Running a manufacturing business takes a lot of effort and investment, so it only makes sense to examine all opportunities to minimize your tax burden. But to do so, you need to know which tax incentives are worth considering. To help, here are five valuable tax incentives for manufacturing businesses to consider.
Research and Development (R&D) Tax Credit
Not only can you claim the R&D Tax Credit to reduce your federal tax burden, most states also offer this credit. And it's not just for the big companies, either. Small manufacturing companies with revenue of over $5M can often find claiming the credit very beneficial. You may not know this, but there are likely a number of activities you perform and expenses you pay every day that qualify for this credit. Those include:
- Sales Time (determining requirements, quoting, etc.)
- Design Meetings (collaboration among staff, etc.)
- Flat Blank Layouts (design modifications, etc.)
- Tool Making (design, build, tryout, etc.)
- Engineering Process (new equipment, shop redesign, etc.)
- Proof of Concept (process documentation, etc.)
- Trial Production Run (first run of a product, etc.)
- Quality Approval (PPAP, ISIR, etc.)
- Shipping (package design, etc.)
It's also important to note that manufacturing activities that improve an existing product or process may qualify for the tax credit, too.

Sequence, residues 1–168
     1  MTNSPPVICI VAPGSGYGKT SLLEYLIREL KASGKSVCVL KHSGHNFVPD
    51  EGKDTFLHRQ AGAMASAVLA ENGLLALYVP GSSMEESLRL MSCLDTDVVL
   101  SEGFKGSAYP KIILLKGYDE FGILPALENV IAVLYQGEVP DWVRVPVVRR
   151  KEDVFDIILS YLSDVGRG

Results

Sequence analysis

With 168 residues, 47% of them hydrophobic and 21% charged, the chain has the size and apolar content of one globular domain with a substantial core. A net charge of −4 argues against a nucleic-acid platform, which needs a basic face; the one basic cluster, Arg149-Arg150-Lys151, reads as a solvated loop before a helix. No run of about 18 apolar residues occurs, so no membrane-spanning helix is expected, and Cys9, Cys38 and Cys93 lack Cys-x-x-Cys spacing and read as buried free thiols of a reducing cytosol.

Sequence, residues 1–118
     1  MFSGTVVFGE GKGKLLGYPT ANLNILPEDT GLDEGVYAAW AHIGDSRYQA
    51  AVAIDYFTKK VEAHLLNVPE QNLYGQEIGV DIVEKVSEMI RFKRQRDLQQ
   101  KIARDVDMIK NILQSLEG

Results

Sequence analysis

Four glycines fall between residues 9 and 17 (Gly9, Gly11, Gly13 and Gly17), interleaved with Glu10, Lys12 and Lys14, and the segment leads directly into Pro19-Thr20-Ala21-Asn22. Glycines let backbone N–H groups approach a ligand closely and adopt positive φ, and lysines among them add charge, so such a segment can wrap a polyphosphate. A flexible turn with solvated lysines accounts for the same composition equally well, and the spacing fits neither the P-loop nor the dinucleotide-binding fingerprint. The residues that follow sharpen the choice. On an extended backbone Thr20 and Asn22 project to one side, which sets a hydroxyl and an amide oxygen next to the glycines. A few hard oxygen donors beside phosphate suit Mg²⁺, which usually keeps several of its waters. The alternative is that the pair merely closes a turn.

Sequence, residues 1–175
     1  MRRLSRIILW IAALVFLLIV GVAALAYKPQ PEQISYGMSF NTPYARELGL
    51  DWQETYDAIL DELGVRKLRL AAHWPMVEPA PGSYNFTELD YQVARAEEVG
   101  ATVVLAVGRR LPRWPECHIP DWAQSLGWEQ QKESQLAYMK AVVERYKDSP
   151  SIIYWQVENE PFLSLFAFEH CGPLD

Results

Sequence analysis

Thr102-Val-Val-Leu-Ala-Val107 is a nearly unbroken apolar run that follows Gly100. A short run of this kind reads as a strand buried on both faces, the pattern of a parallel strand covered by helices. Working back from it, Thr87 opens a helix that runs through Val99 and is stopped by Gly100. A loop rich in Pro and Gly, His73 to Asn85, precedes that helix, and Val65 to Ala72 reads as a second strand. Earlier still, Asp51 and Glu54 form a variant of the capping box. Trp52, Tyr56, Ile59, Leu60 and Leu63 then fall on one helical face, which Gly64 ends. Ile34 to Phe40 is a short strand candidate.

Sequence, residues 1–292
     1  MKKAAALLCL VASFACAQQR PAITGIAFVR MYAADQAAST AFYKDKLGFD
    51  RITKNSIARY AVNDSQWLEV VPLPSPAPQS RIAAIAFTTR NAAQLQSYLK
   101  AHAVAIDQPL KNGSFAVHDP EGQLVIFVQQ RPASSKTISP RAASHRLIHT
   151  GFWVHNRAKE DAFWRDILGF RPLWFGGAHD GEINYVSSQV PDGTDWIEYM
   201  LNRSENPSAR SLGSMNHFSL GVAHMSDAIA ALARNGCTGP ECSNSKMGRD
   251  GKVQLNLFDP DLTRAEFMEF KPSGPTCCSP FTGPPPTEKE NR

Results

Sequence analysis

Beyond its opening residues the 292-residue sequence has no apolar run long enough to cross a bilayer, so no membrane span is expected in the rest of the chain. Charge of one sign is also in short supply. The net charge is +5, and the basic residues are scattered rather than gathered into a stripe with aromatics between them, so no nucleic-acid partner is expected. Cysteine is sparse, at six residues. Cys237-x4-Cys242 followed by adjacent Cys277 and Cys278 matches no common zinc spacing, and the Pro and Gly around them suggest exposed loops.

Jobs Tax Credit
Manufacturers likely overlook the Jobs Tax Credit because they aren’t aware of the role their location plays in qualifying for it.
If your company is resides in certain locations, such as an enterprise or opportunity zone, or an underdeveloped census tract, you may qualify for a credit for the new jobs you create each year. The state in which you are located will provide the guidelines to be followed for this credit.
Retraining Tax Credits
If you train your employees to improve skills related to equipment, technology, processes or software, you can claim these expenses as a tax credit — outside instructor costs and materials, employee wages during training, and qualified travel costs.
Check with your State’s requirements to ensure your training qualifies for a Retraining Tax Credit. For example, if your company is located in Georgia, the Technical College System of Georgia is the source of approval for this tax credit.
Work Opportunity Tax Credit (WOTC)
If your company hires individuals who have consistently faced significant barriers to employment, you likely qualify for the Work Opportunity Tax Credit.
The target groups that qualify for WOTC include:
- Qualified IV-A recipient
- Qualified veteran
- Designated community resident (DCR)
- Vocational rehabilitation referral
- Summer youth employee
- Supplemental nutrition assistance program (SNAP) recipient
- Supplemental Social Security Income (SSI) recipient
- Long-term family assistance recipient
- Qualified long-term unemployment recipient (added when the PATH Act took effect)
You may claim either your business income tax liability or social security tax you owe for the Work Opportunity Tax Credit.
Since filing for these tax credits can be complex, you may want to talk with a tax professional to ensure your company’s activities qualify and you have the necessary documentation to file your claims.